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πŸš€ Multithreading

Introduction#

πŸ₯ΆπŸ₯ΆπŸ₯Ά Everything seen so far is very cool, but we have a problem: when we load a very large model the application freezes for some seconds. This problem also happens when we want to extract many properties from the model. Is there any way to avoid this?

πŸ”₯ Of course, IFC.js has foreseen this situation and has implemented multithreading. This means that heavy operations will be carried out in a parallel process that will not block the application, which will be updated asynchronously when the process concludes.

πŸ‘Œ This sounds complicated, and it is. But don't worry: we've got it all set up so you can have this in your BIM applications in a couple of lines of code.

You can find the full example of this tutorial here.

How to do it#

Set up the webworker#

πŸ‘©β€πŸ« In order to enable multithreading, the webworker must be configured. But what is a webworker? The webworker is the mechanism that web browsers have to be able to work with multithreading. But don't worry if you haven't heard of them before, you don't need them to use multithreading in IFC.js.

πŸ“¦πŸ“¦πŸ“¦ If you work with npm, yarn or another package manager in your project there should be a folder called node_modules, with all the folders of the libraries your project is using. In node_modules/web-ifc-three you will find the two files needed to use webworkers: IFCWorker.js and IFCWorker.js.map.

You have to copy these two files to a directory in your project that will be served with the final application. This varies depending on the technology you are using (vanilla JS, React, Angular, etc). You can use the same directory you are using for the wasm files.

🌍 Then you have to specify where this file is located, in the same way as with the wasm file. This can be done like this:

async function setUpMultiThreading() {
const manager = ifcLoader.ifcManager;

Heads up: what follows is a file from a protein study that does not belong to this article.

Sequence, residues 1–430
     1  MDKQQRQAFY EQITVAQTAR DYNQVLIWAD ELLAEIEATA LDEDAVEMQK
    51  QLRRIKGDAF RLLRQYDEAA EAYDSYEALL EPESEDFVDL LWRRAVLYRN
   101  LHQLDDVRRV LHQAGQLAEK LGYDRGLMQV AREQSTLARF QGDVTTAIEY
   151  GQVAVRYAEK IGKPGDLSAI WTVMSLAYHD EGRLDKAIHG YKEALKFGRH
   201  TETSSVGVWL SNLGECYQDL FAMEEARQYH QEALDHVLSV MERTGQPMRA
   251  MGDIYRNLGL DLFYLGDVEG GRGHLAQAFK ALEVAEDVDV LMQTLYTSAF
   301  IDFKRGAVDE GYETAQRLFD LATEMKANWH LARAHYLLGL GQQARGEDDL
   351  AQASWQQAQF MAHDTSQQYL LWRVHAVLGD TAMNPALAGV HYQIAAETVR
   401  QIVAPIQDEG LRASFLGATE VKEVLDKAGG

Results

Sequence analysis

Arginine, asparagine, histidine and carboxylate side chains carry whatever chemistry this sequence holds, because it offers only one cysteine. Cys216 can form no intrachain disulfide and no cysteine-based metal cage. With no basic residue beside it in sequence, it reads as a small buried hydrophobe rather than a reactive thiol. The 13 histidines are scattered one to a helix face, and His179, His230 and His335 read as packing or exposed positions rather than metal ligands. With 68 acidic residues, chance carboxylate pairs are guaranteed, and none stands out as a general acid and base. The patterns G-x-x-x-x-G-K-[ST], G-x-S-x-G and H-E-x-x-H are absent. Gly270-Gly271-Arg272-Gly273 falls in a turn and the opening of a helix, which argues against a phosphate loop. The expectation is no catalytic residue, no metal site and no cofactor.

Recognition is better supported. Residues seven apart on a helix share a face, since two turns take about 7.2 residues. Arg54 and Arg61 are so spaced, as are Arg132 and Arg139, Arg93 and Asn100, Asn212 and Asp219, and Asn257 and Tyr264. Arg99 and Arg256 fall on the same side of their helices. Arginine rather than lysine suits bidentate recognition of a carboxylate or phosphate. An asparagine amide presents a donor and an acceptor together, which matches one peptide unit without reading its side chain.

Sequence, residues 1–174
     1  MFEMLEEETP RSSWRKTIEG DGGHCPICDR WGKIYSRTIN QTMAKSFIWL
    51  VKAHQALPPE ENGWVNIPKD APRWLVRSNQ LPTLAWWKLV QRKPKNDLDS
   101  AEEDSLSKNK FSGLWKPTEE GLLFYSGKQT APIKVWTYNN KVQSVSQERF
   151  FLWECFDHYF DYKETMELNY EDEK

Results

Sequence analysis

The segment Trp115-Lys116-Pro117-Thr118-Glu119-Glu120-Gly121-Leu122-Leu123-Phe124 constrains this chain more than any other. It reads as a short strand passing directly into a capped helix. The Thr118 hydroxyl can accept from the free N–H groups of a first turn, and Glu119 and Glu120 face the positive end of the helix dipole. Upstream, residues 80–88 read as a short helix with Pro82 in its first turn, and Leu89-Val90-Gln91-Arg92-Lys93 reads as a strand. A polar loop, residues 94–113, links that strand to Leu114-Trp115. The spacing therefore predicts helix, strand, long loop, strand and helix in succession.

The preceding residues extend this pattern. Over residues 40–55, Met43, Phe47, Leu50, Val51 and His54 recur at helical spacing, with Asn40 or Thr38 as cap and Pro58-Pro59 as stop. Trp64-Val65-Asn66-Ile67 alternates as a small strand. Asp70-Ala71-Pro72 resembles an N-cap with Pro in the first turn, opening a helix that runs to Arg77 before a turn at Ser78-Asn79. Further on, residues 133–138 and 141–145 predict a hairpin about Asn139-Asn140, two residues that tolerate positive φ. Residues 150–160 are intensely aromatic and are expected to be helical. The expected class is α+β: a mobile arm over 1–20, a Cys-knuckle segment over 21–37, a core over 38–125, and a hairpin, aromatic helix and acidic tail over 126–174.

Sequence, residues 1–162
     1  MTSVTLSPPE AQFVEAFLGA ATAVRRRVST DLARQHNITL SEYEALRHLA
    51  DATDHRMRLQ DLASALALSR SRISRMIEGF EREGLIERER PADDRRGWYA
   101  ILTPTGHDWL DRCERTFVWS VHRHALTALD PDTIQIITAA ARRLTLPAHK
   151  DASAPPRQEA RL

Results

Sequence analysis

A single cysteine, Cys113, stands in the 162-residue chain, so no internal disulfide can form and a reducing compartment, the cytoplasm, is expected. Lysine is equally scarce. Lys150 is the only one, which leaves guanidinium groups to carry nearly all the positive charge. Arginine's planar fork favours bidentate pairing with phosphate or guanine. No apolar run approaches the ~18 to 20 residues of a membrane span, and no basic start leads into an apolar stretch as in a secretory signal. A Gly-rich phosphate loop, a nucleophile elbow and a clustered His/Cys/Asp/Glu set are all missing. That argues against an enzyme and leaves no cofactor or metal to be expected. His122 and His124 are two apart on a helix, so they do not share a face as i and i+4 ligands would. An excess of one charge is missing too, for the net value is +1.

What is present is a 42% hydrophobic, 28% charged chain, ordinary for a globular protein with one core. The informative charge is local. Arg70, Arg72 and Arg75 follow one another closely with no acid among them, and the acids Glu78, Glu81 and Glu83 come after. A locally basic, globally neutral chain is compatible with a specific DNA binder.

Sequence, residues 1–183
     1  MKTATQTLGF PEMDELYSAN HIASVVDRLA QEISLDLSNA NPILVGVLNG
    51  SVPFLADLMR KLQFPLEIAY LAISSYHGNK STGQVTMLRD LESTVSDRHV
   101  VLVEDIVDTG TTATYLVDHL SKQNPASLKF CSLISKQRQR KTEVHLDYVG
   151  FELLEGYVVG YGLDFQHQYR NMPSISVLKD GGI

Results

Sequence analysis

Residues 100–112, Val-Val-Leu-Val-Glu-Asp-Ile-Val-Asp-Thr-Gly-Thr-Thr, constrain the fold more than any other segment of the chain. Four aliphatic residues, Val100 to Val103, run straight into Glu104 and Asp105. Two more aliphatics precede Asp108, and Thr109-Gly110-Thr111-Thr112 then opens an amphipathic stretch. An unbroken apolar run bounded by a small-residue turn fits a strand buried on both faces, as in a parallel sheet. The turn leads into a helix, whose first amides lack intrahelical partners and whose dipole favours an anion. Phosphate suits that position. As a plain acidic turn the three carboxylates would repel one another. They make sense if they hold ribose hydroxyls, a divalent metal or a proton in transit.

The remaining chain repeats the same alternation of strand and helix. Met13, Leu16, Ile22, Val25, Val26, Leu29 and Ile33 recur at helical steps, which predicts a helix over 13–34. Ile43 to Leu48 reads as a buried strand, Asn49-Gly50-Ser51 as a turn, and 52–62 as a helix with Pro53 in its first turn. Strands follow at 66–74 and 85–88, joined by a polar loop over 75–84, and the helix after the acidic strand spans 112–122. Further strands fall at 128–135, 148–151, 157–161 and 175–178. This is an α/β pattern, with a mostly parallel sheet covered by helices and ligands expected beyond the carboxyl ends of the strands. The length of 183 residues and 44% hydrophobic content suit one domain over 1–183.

// These paths depend on how you structure your project
await manager.useWebWorkers(true, "IFCWorker.js");
await manager.setWasmPath("../../../");
}
setUpMultiThreading();

πŸ₯Άβ›” And, voi lΓ‘! Believe it or not, you have already enabled multithreading in your project. If you now try to load a file in your application or try to get many properties at once, you will see that the application does not freeze.

πŸ€–β“πŸ“š Keep in mind that the version of the webworker has to match the version of the library you are using. This means that if you update the version of web-ifc-three in the future, you'll need to copy these files again. You can automate this using a command-line library to copy files like cpy.

Loading progress#

πŸ”₯ Using multithreading in your BIM application has numerous advantages. The most immediate is that we can now show the user the loading progress of a model. First we'll add a simple HTML message to show the progress:

div id="text-container">
<p>Progress:</p>
<p id="progress-text">0</p>
<p>%</p>
/div>

✨✨✨ Next we are going to link this HTML element to the model load event. This can be easily done with the setOnProgress() method. Let's also apply some basic math to convert progress into a percentage.

function setupProgressNotification() {
const text = document.getElementById("progress-text");
ifcLoader.ifcManager.setOnProgress((event) => {
const percent = (event.loaded / event.total) * 100;
const result = Math.trunc(percent);
text.innerText = result.toString();
});
}
setupProgressNotification();

🌈 If you have done everything correctly, we should be able to see the following viewer. If you try to load an IFC model, not only you will see that the loading process does not block the 3D view, but the html text shows the loading progress in real time.

Next steps#

πŸŽ‰πŸŽ‰πŸŽ‰ Congratulations! You can now create multithreaded BIM applications that never freeze.

😎 You are now familiar with some advanced tools of IFC.js, but there's much more to learn. In later tutorials we will see how to not only read, but also edit and create IFC files.